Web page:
Northamptonshire’s special schools are all full and the cost of educating high needs pupils out-of-county is likely to put the schools budget £3m in the red.
The local education authority, which is run by Northamptonshire County Council, is proposing to cut the service provided by its schools central team and also reduce the payments awarded to schools who apply for top-up high needs funding, in a bid to make the necessary savings to cover the rising cost of out-of-county high need placements.
The forward forecast is that the £9.1m budget allocated for placing children with high needs will instead be more like £11.6m.
This is because of the rising costs of placements coupled with an increasing number of children being placed in schools over the Northamptonshire border.
The cost of placing excluded pupils in alternative provision is also forecast to be £798,000 over the £3.3m budget because of the rising number of Northamptonshire children being told to leave their school.
The paper going before the Northamptonshire Schools Forum next week (Oct 24) says: “A significant overspend is now forecast as a result of the need to place pupils with SEND out of county, either cross-border maintained schools and academies or to independent special schools.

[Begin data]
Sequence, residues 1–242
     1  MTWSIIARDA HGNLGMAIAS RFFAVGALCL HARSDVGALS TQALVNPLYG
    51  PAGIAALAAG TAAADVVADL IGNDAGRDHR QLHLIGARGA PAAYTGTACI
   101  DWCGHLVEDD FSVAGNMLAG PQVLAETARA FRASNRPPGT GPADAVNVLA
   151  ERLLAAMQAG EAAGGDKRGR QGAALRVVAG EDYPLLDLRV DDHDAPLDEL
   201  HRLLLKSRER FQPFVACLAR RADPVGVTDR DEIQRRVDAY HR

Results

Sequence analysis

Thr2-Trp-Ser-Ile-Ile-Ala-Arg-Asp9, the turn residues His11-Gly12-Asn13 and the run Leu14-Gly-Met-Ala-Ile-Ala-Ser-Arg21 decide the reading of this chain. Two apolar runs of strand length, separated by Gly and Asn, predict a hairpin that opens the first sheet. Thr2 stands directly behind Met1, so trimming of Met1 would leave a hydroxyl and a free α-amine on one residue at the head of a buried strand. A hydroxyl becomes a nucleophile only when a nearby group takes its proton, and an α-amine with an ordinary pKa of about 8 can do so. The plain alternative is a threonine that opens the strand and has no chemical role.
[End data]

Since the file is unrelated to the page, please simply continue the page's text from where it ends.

“However, while annual fee increases for existing placements have been kept low/few as possible, the cost of new placements has increased. The average cost per annum was about £41,000 in 2017/18 but is now about £48,000.
“In addition there was an increase to the overall number of new placements in 2018/19 (45 new in 2017/18 rising to 68 in 2018/19) which will have contributed to the budget pressure as these have become full year costs in the current financial year.
“New placements continue to rise – during April to Sept 2018/19 there were 34 but in 2019/20 there have been 44 for the same period.”
The Northamptonshire special needs budget accounts for £56.7m of the overall £215.4m schools budget. Because of the financial crisis at the county council it is very unlikely the council will be able to top up the schools budget, so services will have to be reduced elsewhere to accommodate the out-of-county costs.
Last month (September) the authority endorsed plans for a new special school in South Northants and is looking for a site to build it on. Central government has provided a capital grant of £4.7m to the authority to help with the costs.
Since 2014 the authority says it has created an additional 534 special schools places in the county and last September opened the Red Kite school in Corby.
It is the role of the education authority to plan for school places to make sure the county’s children can be educated close to home.
In recent years the county’s population has grown by 740,000. The population could increase even further if Northamptonshire takes on more homes allocations under the one million home Oxford-Cambridge Arc plan.
News of the special schools places problem comes after earlier news of a shortage of mainstream secondary school places in Corby and Northampton.